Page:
~~~Ba Honors Political Science @ Carleton University, Ottawa big grin~~~
Kaylya
Posted: May 23, 2008 1:40:10 PM

Rank: Student Body President
Groups: Member

Joined: 3/4/2008
Posts: 2,575
Location: Ottawa
It's a last resort in that you should first seek out money you don't have to pay back (jobs, scholarships, parents, etc), then money that's not accumulating interest until after you finish (provincial student loans), then lines of credit.

But if you need it, you need it, and there are far worse ways to get money (Credit cards and payday loans come to mind). And I don't think the terms are that much worse than provincial loans.

FAQ's:
1. Will I get in? See: electronicinfo.ca for Ontario schools. If you have a couple percent above the marks there and it's not looking at supplementary, the answer is almost certainly yes.
2. Anything else: Google it before asking.
MDoucett
Posted: July 21, 2008 7:08:16 PM

Rank: Student Council
Groups: Member

Joined: 3/4/2008
Posts: 327
Location: Ottawa, ON
I applied for one, the hard part is getting a good co-signer.

desiderantes meliorem patriam
Lisgar08
Posted: July 22, 2008 3:30:41 PM
Rank: Senior Student
Groups: Member

Joined: 4/15/2008
Posts: 59
Location: Ottawa
If I've turned 18, is it still mandatory to have a co-signer?
and what constitutes a co-signer anyway?
Will a parent/guardian suffice, or does it have to be a person with an healthy and established credit rating as well..
and do i have to show evidence that i'l have a source of income for the following year, ie a part time job, so as to pay the interest accrued
Kaylya
Posted: July 22, 2008 3:44:54 PM

Rank: Student Body President
Groups: Member

Joined: 3/4/2008
Posts: 2,575
Location: Ottawa
Lisgar08 wrote:
If I've turned 18, is it still mandatory to have a co-signer?
and what constitutes a co-signer anyway?
Will a parent/guardian suffice, or does it have to be a person with an healthy and established credit rating as well..
and do i have to show evidence that i'l have a source of income for the following year, ie a part time job, so as to pay the interest accrued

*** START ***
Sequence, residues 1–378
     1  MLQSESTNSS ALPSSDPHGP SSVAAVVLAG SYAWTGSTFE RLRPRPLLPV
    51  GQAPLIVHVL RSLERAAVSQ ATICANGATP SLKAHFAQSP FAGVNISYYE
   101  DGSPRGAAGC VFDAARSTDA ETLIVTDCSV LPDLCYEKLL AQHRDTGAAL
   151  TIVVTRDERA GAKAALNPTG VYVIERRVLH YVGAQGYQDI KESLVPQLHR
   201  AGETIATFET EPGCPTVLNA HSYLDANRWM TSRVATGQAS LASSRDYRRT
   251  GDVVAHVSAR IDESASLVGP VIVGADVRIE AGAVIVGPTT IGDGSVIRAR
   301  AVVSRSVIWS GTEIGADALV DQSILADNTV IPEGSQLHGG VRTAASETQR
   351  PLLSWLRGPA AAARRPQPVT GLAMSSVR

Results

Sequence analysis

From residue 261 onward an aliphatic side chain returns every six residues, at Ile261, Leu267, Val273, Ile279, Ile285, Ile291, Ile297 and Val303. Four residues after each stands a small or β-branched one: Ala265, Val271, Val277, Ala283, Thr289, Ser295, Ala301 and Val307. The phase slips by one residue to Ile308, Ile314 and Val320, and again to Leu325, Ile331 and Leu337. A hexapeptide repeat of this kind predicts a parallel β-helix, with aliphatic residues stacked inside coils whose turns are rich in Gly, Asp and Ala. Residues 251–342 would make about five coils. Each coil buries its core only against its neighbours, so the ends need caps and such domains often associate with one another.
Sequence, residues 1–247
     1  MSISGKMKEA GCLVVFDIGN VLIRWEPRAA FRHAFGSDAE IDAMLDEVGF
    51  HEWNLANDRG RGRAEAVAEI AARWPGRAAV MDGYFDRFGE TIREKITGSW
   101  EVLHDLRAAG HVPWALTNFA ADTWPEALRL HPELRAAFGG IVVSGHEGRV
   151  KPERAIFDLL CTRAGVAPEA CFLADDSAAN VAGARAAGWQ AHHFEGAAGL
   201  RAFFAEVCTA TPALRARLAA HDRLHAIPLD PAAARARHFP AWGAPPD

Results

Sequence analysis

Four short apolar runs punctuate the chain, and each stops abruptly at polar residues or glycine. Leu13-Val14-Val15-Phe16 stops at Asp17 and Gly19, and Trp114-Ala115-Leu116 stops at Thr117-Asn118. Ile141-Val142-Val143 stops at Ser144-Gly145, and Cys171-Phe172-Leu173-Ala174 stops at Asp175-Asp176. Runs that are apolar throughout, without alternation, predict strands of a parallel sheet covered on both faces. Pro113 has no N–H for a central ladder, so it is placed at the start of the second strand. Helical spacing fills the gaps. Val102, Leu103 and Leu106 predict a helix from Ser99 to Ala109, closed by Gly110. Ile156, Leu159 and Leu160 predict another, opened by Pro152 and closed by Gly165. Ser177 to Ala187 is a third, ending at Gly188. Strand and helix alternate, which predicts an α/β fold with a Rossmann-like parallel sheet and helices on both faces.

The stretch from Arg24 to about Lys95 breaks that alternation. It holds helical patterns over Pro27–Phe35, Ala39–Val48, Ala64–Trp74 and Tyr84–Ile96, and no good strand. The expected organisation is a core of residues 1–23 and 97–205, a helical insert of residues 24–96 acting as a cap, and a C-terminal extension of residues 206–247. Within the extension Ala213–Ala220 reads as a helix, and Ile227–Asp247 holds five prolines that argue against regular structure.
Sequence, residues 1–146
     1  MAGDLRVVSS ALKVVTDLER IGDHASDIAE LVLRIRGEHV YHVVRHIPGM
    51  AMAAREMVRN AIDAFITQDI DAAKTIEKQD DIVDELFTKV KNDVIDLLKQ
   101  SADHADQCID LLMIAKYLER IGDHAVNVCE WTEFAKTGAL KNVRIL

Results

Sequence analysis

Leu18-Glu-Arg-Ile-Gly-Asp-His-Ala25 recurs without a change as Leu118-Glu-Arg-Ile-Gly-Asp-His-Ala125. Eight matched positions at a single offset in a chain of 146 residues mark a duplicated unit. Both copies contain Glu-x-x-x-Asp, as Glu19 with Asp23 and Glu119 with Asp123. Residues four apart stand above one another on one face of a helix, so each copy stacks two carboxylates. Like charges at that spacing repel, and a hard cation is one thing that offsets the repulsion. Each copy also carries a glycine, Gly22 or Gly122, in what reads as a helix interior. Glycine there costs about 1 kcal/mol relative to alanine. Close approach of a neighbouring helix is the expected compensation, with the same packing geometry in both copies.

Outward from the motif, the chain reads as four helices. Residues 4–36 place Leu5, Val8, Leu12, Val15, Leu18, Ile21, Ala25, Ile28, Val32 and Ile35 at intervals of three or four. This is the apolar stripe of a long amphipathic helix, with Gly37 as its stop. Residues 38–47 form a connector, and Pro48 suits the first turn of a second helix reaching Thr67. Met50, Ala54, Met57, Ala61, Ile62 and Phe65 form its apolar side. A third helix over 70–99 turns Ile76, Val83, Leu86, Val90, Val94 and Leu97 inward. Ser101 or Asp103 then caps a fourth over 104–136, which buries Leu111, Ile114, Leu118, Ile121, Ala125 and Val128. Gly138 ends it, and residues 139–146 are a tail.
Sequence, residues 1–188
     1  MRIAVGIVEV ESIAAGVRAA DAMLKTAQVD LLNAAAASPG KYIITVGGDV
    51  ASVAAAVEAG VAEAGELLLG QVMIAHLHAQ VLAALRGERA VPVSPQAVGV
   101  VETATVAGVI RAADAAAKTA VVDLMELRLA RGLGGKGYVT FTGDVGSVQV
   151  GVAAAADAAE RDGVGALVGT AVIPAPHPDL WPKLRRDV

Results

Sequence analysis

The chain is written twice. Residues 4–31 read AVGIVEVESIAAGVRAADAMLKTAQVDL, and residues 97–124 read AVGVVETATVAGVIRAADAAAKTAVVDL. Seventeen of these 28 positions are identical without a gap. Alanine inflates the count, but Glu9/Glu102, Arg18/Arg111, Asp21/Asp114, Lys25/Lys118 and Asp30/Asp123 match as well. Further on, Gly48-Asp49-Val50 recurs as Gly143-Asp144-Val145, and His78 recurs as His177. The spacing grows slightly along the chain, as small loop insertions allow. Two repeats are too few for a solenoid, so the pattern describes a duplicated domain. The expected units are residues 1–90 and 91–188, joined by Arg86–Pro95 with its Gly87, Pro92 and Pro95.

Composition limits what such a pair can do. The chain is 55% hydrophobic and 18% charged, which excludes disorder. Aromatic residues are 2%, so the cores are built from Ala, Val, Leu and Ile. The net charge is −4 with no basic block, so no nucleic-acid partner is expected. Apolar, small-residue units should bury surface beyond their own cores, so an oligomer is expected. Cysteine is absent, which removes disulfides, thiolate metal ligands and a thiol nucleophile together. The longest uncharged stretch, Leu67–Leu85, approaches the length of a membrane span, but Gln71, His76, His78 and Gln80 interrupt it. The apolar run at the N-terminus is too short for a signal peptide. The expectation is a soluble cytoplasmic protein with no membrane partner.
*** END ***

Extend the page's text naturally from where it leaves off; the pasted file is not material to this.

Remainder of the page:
The reason you need a co-signer when over the age of majority is because it is too risky to lend much money to an 18 year old with no credit history. I don't think your cosigner has to have an amazing credit history, but it can't be terrible either.

Under the age of majority it has to do with legalities of signing contracts in general as a minor.

FAQ's:
1. Will I get in? See: electronicinfo.ca for Ontario schools. If you have a couple percent above the marks there and it's not looking at supplementary, the answer is almost certainly yes.
2. Anything else: Google it before asking.
Malinka
Posted: July 22, 2008 9:18:00 PM

Rank: Posteur Intermédiaire
Groups: Member

Joined: 4/17/2008
Posts: 514
Location: Ontari-ari-ari-o
Since I (partially) have to rely on banks loans to get me through university, here's the scoop.

First, like has already been mentioned, it is definitely a last resort. Applying for it and then not using it isn't a bad idea, at least you have it if you need it. The biggest difference between OSAP and a bank loan is that YOU have to pay the interest on your loan whereas with OSAP the government pays it for you. So if you just need the bank loan for smaller funds (say a few thousand) then it's manageable, but if you're relying on it to pay for your education, then it just won't work. By the time you owe $20 000 you can expect to be paying at least $100/month in interest alone, and I don't know any student past 1st year that has an extra $100 lying around each month.

Second, your co-signer is usually your parents, but I believe it can technically be anyone with a well established credit history that is willing to co-sign a loan with you. Keep in mind the more money your co-signer has, the bigger your bank loan (until max anyway). After that the bank doesn't really care if you have a source of income or not, they know they can get their money from the co-signer.

Now the good news is, for those of you that need a bank loan because you got screwed over from OSAP, you'll most certainly be approved since I believe the only thing you can't appeal on an OSAP decision is your parents income, which means they make a lot of money, which means you'll get approved.

International Development, 2010
Kaylya
Posted: July 22, 2008 9:55:29 PM

Rank: Student Body President
Groups: Member

Joined: 3/4/2008
Posts: 2,575
Location: Ottawa
Malinka wrote:
Now the good news is, for those of you that need a bank loan because you got screwed over from OSAP, you'll most certainly be approved since I believe the only thing you can't appeal on an OSAP decision is your parents income, which means they make a lot of money, which means you'll get approved.


It is possible to make a lot of money and be drowning in debt with a terrible credit rating. And then the people whose parents refuse to help them may not be willing to co-sign.

FAQ's:
1. Will I get in? See: electronicinfo.ca for Ontario schools. If you have a couple percent above the marks there and it's not looking at supplementary, the answer is almost certainly yes.
2. Anything else: Google it before asking.